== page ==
72,

Chas - NK8O

On Apr 17, 2019, at 8:29 AM, WA4EFS <himself@...> wrote:

Several posts have referred to the RF power output of QRP rigs including the Hilltopper, the relation to amplifier class, or to final transistor quality, etc.  I am curious as to how power is being measured or assessed in relation to various reports.
 
Thanks and 73, 
-Lloyd



--
73 de KB9BVN
Brian Murrey

chuck adams <chuck.adams.k7qo@...>
 

You can save a few steps on the calculator by using  P = V_pk^2/100 for a 50 ohm load.
Always saves my bacon on a calculator.  Formula works only for 50 ohm load.

You can get the above formula from yours below by replacing  0.707/2 by  1/sqrt(2),
thus (0.707/2)^2 = 1/2 and (1/2)/50 = 1/100.  For those that missed that day of
class.  :-)

FYI

chuck, k7qo


On 4/17/19 7:03 AM, Charles W. Powell via Groups.Io wrote:
Lloyd,

I don’t know about anyone else, but I am measuring power on mine, key down, using a 50 ohm dummy load, and connecting my high impedance oscilloscope leads across the load.  The scope is a a Siglent 200 mHz scope, so it is measuring far away from the rolloff.  Using the peak-to-peak voltage, I make my calculation by deriving the RMS voltage, then using RMS-squared/resistance.  So with about 13.4 DC volts input, my peak output voltage on the HT-20 was 52 volts.  ((52 * 0.707/2)^2)/50 = 6.8 watts into 50 ohms.  I get approximately the same readings with my MFJ tuner’s power readout and also my QRP-o-meter, although I don’t expect those to be nearly as accurate.

Caveats:  I might be entirely wrong in my calculations and I might be missing some subtlety in making this calculation.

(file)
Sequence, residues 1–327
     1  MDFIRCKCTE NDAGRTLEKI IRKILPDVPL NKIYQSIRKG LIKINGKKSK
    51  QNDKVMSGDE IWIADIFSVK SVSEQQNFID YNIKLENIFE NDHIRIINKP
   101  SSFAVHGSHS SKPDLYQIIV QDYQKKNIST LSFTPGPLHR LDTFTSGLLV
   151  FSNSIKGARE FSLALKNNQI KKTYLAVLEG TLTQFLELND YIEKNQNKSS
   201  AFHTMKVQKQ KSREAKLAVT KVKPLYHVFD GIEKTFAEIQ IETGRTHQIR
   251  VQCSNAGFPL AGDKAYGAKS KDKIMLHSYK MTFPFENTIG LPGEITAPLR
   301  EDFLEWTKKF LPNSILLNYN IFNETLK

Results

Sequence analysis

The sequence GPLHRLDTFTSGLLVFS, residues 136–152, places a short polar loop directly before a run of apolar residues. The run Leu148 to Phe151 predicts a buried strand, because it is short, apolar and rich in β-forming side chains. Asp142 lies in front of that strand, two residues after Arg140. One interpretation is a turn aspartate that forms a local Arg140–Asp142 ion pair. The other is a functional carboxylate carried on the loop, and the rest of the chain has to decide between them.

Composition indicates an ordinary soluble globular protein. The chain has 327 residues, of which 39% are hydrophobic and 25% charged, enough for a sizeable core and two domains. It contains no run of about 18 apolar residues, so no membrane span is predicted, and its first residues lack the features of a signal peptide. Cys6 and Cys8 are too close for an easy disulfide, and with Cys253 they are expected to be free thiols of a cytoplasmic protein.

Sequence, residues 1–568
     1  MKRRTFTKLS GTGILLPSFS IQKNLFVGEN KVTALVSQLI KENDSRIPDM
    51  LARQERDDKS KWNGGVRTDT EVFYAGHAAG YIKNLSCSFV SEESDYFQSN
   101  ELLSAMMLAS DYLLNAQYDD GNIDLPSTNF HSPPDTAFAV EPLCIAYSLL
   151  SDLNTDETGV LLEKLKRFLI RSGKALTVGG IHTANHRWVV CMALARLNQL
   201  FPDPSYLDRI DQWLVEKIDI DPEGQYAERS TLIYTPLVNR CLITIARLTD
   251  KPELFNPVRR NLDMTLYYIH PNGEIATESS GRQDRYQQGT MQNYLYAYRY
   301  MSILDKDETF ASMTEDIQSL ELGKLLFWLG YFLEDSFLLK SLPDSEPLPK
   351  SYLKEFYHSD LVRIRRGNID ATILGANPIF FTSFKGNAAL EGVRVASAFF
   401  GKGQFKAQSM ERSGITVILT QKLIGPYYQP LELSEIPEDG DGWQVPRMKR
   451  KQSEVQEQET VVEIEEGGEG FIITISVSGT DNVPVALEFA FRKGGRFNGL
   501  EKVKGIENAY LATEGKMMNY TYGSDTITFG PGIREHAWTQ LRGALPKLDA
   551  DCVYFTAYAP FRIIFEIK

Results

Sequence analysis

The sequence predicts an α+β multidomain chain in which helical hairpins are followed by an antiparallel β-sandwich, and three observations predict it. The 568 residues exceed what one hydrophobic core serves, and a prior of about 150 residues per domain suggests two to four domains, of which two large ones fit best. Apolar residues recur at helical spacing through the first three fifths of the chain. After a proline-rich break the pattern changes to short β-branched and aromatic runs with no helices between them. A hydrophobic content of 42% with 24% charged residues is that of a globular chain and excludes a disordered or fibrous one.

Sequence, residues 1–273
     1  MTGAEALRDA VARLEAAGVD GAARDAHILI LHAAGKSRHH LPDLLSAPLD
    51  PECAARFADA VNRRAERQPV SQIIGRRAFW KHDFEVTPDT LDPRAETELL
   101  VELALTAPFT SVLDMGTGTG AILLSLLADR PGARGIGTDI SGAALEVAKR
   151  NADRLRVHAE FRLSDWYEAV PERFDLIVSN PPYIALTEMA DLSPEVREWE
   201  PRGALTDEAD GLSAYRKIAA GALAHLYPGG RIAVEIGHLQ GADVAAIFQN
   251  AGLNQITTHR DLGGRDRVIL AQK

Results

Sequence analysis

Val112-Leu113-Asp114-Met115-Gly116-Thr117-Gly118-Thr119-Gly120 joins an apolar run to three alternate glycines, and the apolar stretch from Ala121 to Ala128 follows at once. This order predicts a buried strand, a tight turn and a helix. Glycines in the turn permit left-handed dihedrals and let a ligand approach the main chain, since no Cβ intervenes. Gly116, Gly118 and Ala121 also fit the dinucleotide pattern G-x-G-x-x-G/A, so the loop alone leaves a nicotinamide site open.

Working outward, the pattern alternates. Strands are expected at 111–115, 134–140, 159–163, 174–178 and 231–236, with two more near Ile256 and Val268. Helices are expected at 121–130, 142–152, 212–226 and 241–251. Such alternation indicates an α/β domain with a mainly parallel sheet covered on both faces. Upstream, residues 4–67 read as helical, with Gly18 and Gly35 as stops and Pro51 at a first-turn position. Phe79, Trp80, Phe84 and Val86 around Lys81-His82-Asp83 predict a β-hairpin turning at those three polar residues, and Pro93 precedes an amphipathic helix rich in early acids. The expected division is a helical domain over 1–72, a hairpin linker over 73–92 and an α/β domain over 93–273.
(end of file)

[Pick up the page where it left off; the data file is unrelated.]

72,

Chas - NK8O

On Apr 17, 2019, at 8:29 AM, WA4EFS <himself@...> wrote:

Several posts have referred to the RF power output of QRP rigs including the Hilltopper, the relation to amplifier class, or to final transistor quality, etc.  I am curious as to how power is being measured or assessed in relation to various reports.
 
Thanks and 73, 
-Lloyd


WA0ITP
 

My personal favorite is (Vpp/2.8)^2/feedline R   This makes sense to me and is easy to remember.  Same as yours Chas. 
72 WAØITP
I love this radio stuff.
www.wa0itp.com
www.4sqrp.com
On 4/17/2019 9:03 AM, Charles W. Powell via Groups.Io wrote:

Lloyd,

I don’t know about anyone else, but I am measuring power on mine, key down, using a 50 ohm dummy load, and connecting my high impedance oscilloscope leads across the load.  The scope is a a Siglent 200 mHz scope, so it is measuring far away from the rolloff.  Using the peak-to-peak voltage, I make my calculation by deriving the RMS voltage, then using RMS-squared/resistance.  So with about 13.4 DC volts input, my peak output voltage on the HT-20 was 52 volts.  ((52 * 0.707/2)^2)/50 = 6.8 watts into 50 ohms.  I get approximately the same readings with my MFJ tuner’s power readout and also my QRP-o-meter, although I don’t expect those to be nearly as accurate.